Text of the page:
A national report card on patient safety gave a failing grade to Ronald Reagan UCLA Medical Center, one of the country's most prestigious hospitals and one of only 25 nationwide to receive such low marks.
In a report issued Wednesday, the Leapfrog Group, an employer-backed nonprofit group focused on healthcare quality, gave a letter grade of F to UCLA Medical Center for performing poorly on several measures tied to preventing medical errors, patient infections and deaths.
Leapfrog withheld a failing grade for UCLA in June when it released its first-ever hospital safety scores to give low-performing hospitals time to show improvement.
Officials at UCLA disputed the failing grade and they said one patient death in 2010 unfairly lowered its grade from a C to an F under Leapfrog's methodology.
"UCLA is not an F hospital in quality and safety," said Tom Rosenthal, chief medical officer at Ronald Reagan UCLA Medical Center. "It is not a fair scoring system and it does a disservice to the public."
This debate over UCLA's score comes amid a proliferation of healthcare ratings by outside organizations trying to provide more information to consumers and employers. These scores are also taking on greater importance as some insurers and employers use them as one factor in determining whether a hospital or doctor should be included in a provider network.
Given those stakes, the California Hospital Assn. has called on Leapfrog and other rating organizations to offer more details on how their scores are tabulated and to focus on reliable measures that can assess patient care. Some highly regarded hospitals across the country, such as UCLA, fare well in one ranking and then poorly in the next.
Leapfrog gave an F to one other area hospital, Western Medical Center Anaheim. The hospital said it disagreed with Leapfrog's rating methods and added that it "continuously adds new systems to enhance our patient care."
Cedars-Sinai Medical Center received an A in Leapfrog's June report, but its grade dropped to a C on this latest review, which included more recent data from last year. Thirty Kaiser Permanente hospitals received an A and one got a B from Leapfrog.
Experts urge consumers to use these score cards as one tool in evaluating a hospital and to discuss any specific concerns with their doctor and other medical providers.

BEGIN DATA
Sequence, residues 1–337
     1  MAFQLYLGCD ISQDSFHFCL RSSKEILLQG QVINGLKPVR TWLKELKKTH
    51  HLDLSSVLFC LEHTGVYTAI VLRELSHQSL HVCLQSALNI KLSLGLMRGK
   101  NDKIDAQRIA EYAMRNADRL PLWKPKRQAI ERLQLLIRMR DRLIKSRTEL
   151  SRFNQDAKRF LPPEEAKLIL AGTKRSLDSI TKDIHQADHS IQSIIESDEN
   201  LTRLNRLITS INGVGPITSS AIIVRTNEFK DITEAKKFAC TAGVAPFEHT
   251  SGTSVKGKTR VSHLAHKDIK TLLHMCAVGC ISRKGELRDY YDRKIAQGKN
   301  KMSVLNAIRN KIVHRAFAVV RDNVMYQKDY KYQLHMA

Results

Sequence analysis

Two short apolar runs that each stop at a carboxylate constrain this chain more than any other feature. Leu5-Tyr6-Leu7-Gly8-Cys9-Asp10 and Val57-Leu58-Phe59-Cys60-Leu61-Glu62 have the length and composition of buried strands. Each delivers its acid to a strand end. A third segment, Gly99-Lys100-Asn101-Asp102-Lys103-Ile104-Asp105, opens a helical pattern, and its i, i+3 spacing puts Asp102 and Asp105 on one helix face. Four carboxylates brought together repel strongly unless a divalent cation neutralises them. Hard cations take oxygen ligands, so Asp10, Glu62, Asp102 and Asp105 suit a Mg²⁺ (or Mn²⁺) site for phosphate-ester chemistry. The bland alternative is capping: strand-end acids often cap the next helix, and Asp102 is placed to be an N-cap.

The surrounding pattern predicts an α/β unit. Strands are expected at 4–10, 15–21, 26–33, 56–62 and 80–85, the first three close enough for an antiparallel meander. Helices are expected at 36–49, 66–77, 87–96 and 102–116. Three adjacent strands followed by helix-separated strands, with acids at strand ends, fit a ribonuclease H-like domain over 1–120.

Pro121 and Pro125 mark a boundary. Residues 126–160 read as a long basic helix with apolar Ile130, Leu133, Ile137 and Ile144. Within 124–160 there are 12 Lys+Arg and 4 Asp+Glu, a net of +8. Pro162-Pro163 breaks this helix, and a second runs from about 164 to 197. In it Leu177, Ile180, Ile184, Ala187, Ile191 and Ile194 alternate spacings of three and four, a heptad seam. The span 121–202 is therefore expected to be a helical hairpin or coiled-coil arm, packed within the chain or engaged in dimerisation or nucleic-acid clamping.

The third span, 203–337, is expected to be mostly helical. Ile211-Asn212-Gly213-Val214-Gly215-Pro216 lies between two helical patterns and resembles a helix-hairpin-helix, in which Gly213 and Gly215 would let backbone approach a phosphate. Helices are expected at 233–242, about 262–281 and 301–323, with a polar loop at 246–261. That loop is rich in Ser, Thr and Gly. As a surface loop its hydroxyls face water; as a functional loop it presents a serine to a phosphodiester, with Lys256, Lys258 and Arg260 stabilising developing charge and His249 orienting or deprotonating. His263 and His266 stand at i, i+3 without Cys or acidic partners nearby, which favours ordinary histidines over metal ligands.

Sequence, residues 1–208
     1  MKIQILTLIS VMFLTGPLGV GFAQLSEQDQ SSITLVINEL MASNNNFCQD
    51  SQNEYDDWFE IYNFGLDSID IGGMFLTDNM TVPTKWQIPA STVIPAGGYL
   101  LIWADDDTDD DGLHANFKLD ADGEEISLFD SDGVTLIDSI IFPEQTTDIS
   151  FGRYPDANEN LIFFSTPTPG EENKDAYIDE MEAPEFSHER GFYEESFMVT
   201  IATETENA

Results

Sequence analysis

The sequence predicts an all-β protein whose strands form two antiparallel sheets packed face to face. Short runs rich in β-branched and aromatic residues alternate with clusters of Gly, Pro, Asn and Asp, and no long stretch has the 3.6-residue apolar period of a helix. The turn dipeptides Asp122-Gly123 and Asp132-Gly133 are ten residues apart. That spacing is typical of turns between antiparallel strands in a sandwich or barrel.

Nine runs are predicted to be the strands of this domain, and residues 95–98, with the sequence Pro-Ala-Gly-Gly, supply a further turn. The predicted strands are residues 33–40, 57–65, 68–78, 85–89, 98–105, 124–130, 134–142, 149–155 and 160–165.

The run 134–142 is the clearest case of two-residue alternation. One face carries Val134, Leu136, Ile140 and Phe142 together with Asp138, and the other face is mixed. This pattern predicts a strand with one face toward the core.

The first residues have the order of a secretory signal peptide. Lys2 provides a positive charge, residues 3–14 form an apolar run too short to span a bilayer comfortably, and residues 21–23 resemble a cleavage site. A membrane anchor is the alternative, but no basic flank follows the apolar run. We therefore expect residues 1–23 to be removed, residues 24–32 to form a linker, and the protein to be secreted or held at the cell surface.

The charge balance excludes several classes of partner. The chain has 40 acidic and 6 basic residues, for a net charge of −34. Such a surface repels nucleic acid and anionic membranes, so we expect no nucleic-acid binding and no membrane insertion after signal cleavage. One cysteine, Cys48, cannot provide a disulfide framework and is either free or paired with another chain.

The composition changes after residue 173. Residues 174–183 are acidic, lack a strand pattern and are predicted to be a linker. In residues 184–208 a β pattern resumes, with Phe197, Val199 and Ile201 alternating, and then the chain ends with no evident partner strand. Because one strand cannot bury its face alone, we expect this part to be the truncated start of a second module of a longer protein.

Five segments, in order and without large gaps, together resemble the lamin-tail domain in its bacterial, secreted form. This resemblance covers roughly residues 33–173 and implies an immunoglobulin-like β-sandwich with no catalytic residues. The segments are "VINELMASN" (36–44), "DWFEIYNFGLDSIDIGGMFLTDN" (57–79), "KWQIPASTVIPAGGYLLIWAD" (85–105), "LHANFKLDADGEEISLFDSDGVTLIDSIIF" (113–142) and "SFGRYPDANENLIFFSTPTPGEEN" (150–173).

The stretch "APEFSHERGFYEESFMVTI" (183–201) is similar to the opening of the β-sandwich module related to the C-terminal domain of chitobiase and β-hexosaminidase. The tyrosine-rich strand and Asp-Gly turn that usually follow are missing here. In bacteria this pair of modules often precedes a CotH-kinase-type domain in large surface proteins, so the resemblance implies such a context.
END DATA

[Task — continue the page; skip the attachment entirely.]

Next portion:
Leapfrog estimates that 180,000 Americans die annually from hospital accidents, errors and infections, and it says hospitals need to do more to protect patients from harm. Its hospital safety score is derived from 26 measures of publicly reported data.
Rosenthal said UCLA scores well on healthcare quality and patient outcomes on numerous measures tracked by the federal government and other rating organizations, suggesting that Leapfrog's methods are potentially flawed.
He said a liver transplant patient died during surgery in 2010 from an air embolism, one of several preventable medical errors that Leapfrog and other groups regularly track. Rosenthal said the patient's death was a regrettable mistake, but that error hasn't occurred since then.
Leah Binder, Leapfrog's president and chief executive, said her group's scoring methods are statistically valid and devised by a panel of leading experts in patient safety. She said UCLA scored poorly in several areas of patient care, such as foreign objects left in a patient during surgery and pressure ulcers.
"It isn't just one incident that gave them a score so far below the national average," Binder said. "We see it all the time that a hospital might have a stellar reputation, but behind the scenes they aren't safe for many of their patients."
On pressure ulcers, Rosenthal said, UCLA looked worse than its actual performance because of over-reporting in the hospital billing data that was reviewed by Leapfrog.
Overall, Leapfrog gave an A or B to 1,468 hospitals, or 56% of the 2,618 reviewed nationwide. The group issued a C to 1,004 hospitals, or 38%. At the bottom, 146 hospitals, or 6%, were labeled D or F.
Leapfrog reviewed 246 hospitals in California. The ratings are available online at http://www.hospitalsafetyscore.org.